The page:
Here are some curl friendly web services that you can use in your terminal:
curl wttr.inDisplays a nice weather report.
curl wttr.in | less -R
curl https://api.ipify.orgSimply shows your public ip.
curl ipinfo.ioPrints a formatted JSON that contains information about your ip.
curl -Ffirstname.lastname@example.org' https://0x0.stUploads specified file to 0x0.st and returns the url.
curl -F'shorten=http://example.com/some/long/url' https://0x0.stShortens the given URL.
curl --upload-file ./hello.txt https://transfer.sh/hello.txtUploads specified file to transfer.sh and returns the url.
curl http://cheat.sh/tarShows a simple cheatsheet for specified command (in this case
curl https://raw.githubusercontent.com/tldr-pages/tldr/master/pages/common/tar.mdSame thing with above but this uses tldr. But there are some problems:
The first bold part may be one of these:
linux. The second bold part is the command itself. If the command is linux-spesific, its under the
linux folder obviously and most of the other things goes to
common. You can create a small script that takes
command as input and checks the folders one by one and returns if it finds an existing page. This is left as an exercise for the reader. (or you may just simply install a client, visit tldr).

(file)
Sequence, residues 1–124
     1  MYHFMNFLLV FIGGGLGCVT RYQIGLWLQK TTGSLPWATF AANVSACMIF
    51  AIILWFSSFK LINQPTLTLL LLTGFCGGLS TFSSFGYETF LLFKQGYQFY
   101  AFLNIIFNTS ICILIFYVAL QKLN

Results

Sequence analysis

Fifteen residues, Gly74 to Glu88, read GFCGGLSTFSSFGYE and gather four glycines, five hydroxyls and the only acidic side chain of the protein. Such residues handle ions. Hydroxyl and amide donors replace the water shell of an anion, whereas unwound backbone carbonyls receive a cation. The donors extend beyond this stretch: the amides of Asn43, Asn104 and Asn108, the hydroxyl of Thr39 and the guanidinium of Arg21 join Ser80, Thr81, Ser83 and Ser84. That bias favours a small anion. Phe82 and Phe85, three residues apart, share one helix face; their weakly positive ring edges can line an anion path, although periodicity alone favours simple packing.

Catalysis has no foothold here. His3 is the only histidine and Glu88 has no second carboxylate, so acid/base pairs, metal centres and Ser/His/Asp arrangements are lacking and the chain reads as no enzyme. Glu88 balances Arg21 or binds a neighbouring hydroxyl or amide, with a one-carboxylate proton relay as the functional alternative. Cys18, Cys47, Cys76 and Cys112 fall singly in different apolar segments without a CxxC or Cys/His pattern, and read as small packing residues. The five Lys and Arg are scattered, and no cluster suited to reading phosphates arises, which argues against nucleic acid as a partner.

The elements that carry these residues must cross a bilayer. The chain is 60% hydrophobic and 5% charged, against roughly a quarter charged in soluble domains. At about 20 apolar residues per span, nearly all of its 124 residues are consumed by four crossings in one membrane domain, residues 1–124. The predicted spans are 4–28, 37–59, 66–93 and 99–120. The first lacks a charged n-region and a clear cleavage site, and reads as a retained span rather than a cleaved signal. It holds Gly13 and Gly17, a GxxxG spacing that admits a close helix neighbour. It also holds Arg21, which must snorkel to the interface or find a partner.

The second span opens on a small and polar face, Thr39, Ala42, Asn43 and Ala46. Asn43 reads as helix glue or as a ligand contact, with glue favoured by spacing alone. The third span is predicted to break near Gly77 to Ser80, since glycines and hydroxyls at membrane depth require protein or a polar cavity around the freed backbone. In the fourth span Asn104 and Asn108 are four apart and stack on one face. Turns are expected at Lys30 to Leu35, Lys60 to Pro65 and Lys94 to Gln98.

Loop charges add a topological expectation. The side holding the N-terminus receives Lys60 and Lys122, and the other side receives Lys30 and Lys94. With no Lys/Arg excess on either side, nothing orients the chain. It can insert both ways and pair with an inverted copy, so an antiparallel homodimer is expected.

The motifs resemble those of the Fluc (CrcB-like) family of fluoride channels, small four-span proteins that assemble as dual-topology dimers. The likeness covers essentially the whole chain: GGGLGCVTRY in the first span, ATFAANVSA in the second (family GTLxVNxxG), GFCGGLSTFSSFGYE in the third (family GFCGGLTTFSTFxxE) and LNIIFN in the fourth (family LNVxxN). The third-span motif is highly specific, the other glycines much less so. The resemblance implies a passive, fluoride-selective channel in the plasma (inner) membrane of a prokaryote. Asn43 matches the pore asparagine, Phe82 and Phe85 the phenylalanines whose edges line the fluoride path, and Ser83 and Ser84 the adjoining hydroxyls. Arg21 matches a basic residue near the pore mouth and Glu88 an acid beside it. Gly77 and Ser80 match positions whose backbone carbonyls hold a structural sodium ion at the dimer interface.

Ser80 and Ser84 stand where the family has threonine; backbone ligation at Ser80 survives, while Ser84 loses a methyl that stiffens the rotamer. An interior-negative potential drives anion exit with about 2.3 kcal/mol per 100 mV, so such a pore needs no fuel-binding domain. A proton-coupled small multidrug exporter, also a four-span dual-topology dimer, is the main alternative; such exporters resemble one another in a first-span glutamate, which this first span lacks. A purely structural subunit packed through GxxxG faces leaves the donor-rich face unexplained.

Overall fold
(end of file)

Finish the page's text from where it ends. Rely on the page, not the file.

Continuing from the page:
This is not really curl friendly but it works.
curl -s -A "Mozilla/5.0 (Windows NT 10.0; WOW64; rv:56.0) Gecko/20100101 Firefox/56.0" "https://translate.google.com/m?sl=FROM&tl=TO&ie=UTF-8" --data-urlencode "q=WORD_OR_SENTENCE" | grep -Po '<div dir="ltr" class="t0">\K[^<]*'
FROMto source language code, for example
TOto destination language code, for example
WORD_OR_SENTENCEto anything you want. You can use spaces.
This example demonstrates how you can get the relevant information from an ordinary website. Always use the mobile versions if available because it is easier to parse them.
curl rate.sxShows the cryptocurrency rates.
curl rate.sx/:helpfor more information about usage.
curl qrenco.de/STRINGTurns given string/url into an ASCII art QR code.
If you are using a service that supports WebDAV, you can use these simple curl commands to download/upload files to your service. You can also do more sophisticated things with curl but if you need more than just downloading/uploading files then it’s better to use a client dedicated for that service.
curl -u LOGIN:PASSWORD https://WEBSITE.com/DAV_PATH/REMOTE_FILE --output FILE
curl -u LOGIN:PASSWORD -T FILE https://WEBSITE.com/DAV_PATH/REMOTE_FILE
It’s better not to write your password while using these commands. If you remove the password part it will just simply show you a password prompt when you execute these commands which better than exposing your password to bash history.
I’ll just leave a link here: docverter.com. You can convert nearly any format to any other one using this service. It has a nice and clear API. The website provides curl command examples.tags: